Key to Umbria: Orvieto

San Giovannino dei Cavalieri di Malta (12th century)

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                           Number 11-13                                         Number 13                              Number 15-9

Templar Origins

Local sources contain little about the early history of this complex in what is now Via della Loggia dei Mercanti (originally Via della Precettori) and Via della Commenda.  However, Sandro Bassetti (referenced below) reports that it originally belonged to the preceptory of the Knights Templar that was based at Bardano, some 6 km north west of Orvieto, which was established in 1135 and was the largest preceptory in Italy after Rome and Florence. 

The church on this site, which was one of at least four churches in the preceptory, was dedicated as San Matheus Urbeveteris.  The other three churches belonging to the preceptory, which were all in the contado, were:

  1. Santa Maria del Piano (more commonly known as San Marco);

  2. San Pietro (now SS Pietro e Paolo); and

  3. Santa Maria delle Grazie. 

It is possible that the urban church of San Bernardo belonged to it.

The Templars used the complex at numbers 11-19 Via della Loggia dei Mercanti for their financial and trading activities:

  1. the bank was at what is now number 11;

  2. the church was at what is now number 13; and

  3. the residence was at what is now numbers 15-9.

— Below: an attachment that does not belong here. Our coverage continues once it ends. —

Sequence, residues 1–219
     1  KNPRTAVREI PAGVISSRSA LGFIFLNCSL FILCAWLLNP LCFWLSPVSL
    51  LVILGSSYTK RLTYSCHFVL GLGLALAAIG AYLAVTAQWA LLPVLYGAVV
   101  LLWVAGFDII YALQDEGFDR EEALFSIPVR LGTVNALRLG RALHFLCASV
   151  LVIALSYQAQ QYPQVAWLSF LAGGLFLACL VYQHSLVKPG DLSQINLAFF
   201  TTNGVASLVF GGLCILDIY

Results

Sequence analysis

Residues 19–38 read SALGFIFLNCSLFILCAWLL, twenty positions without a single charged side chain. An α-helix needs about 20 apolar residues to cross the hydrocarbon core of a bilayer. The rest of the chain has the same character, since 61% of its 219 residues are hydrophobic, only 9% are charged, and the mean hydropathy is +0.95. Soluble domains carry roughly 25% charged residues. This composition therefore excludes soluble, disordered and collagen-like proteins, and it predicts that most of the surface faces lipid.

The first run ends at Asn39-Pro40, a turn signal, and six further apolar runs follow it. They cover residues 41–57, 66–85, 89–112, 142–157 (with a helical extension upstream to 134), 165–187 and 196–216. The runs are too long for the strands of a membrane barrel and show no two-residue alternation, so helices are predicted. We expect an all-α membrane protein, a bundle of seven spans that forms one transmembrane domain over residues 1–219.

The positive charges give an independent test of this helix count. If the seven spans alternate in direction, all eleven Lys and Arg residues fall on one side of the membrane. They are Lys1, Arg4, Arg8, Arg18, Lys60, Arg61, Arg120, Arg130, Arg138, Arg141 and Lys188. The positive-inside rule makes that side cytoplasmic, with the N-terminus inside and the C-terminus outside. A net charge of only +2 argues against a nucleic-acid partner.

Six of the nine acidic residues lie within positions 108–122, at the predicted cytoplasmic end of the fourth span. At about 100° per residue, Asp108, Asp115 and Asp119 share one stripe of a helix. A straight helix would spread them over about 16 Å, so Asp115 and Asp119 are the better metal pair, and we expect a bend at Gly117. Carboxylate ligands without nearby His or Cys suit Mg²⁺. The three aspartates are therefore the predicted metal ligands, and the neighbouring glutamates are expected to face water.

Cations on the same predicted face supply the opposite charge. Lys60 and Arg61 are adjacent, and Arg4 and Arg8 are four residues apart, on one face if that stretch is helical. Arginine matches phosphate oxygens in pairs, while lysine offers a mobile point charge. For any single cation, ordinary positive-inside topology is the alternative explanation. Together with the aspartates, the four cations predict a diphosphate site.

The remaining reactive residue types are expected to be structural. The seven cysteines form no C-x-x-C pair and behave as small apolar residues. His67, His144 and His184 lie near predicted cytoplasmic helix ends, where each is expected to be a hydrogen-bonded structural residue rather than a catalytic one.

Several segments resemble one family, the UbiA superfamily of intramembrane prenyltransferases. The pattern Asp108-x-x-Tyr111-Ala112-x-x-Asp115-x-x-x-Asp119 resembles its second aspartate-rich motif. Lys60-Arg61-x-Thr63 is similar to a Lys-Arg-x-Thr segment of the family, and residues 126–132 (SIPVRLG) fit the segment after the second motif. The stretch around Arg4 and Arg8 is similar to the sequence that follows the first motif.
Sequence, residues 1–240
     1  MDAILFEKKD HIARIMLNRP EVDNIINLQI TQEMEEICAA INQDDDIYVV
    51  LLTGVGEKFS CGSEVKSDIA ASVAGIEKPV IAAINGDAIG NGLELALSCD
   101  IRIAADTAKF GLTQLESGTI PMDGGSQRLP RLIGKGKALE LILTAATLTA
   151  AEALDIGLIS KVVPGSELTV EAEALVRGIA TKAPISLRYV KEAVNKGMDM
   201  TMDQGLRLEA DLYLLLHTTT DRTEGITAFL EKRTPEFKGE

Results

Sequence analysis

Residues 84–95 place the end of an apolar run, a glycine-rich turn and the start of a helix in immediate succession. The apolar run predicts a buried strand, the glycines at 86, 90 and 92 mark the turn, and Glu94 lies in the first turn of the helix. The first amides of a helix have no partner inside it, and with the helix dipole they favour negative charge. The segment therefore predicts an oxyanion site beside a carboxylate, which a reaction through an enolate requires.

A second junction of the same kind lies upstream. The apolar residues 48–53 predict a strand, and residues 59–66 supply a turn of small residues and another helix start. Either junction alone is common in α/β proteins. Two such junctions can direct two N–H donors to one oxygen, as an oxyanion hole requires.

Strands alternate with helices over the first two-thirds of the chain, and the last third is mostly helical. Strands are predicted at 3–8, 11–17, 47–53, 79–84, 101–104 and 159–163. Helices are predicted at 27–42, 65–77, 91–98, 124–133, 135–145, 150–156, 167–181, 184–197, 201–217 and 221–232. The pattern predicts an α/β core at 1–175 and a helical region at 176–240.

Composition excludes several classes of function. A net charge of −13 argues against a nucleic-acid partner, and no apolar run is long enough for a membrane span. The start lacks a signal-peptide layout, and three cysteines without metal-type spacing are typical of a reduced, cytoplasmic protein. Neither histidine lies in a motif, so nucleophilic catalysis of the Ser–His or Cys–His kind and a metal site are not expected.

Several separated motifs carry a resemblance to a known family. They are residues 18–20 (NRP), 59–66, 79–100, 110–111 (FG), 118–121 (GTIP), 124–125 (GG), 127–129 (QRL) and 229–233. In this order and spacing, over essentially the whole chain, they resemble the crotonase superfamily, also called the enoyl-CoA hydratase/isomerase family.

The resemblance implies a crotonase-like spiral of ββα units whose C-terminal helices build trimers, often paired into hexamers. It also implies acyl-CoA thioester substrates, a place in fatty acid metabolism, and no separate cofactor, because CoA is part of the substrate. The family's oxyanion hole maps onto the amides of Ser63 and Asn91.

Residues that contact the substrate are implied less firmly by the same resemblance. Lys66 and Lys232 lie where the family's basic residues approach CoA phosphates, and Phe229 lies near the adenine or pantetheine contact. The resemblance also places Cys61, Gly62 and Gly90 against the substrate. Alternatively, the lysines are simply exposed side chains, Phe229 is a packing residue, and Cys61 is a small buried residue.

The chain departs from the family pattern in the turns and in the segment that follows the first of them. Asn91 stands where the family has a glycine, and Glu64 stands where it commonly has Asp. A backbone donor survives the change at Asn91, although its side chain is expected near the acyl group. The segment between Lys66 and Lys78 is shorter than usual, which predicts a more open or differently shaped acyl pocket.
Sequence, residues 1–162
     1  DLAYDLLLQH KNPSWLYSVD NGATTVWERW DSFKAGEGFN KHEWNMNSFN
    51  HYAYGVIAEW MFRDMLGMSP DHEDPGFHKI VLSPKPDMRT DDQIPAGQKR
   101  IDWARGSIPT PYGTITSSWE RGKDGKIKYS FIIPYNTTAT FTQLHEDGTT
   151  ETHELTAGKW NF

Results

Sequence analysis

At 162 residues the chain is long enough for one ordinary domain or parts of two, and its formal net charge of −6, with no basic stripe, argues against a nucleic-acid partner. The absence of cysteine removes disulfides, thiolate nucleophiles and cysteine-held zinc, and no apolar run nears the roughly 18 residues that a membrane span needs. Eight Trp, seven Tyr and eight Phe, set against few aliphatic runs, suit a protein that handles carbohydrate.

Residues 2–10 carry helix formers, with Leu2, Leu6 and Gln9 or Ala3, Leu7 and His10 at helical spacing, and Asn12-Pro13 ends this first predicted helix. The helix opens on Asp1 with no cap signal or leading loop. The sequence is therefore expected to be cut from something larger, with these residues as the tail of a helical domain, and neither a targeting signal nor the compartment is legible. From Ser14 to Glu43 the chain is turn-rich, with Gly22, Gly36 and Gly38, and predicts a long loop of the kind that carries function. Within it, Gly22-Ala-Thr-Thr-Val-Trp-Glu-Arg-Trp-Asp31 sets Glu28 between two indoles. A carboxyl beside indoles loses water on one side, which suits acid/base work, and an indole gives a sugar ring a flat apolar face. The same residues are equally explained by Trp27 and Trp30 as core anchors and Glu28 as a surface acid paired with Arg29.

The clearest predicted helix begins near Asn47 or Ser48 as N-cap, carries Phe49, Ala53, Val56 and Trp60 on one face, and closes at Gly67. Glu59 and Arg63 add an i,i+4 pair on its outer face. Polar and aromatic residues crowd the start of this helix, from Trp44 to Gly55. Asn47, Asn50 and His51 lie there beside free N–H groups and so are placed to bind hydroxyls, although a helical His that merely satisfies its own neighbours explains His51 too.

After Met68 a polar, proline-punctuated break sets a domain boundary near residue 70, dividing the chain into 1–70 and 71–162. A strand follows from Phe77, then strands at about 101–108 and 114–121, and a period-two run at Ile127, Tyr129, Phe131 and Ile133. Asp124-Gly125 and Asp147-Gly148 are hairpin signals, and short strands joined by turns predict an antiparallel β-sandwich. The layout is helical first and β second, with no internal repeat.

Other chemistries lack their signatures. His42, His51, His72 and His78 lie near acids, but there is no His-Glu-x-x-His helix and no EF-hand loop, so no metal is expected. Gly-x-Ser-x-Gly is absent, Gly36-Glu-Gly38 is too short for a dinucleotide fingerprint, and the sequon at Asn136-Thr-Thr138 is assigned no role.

The associated hospice seems to have been in a building nearby Via della Commenda that was demolished in 1891. It is probable that the building at number 4 here was also part of the complex.

The Templars came under serious pressure from King Philip IV of France and the papacy in Avignon in ca. 1307.  The knights at Orvieto were direct affected by the inquisitorial process mounted in Viterbo in 1309-10.  They probably fled from Orvieto at about the time that their order was suppressed, in 1312. 

Knights of St John of Jerusalem 

The inscription that was inserted in façade of this church in 2002 records that it was belonged to the commenda (equivalent to the Templars’ word preceptory) of the Knights of St John of Jerusalem.   They were the beneficiaries of the fall of the Templars, in Orvieto as elsewhere.  They re-dedicated the church to their patron, St John the Baptist, and it is usually referred to as San Giovannino.

The community was suppressed in 1810 and again, this time definitively, in 1860.


[Fine Gothic facade]


Read more:

S. Bassetti, “I Templari in Orvieto” (2010) Orvieto

Return to Monuments of Orvieto.

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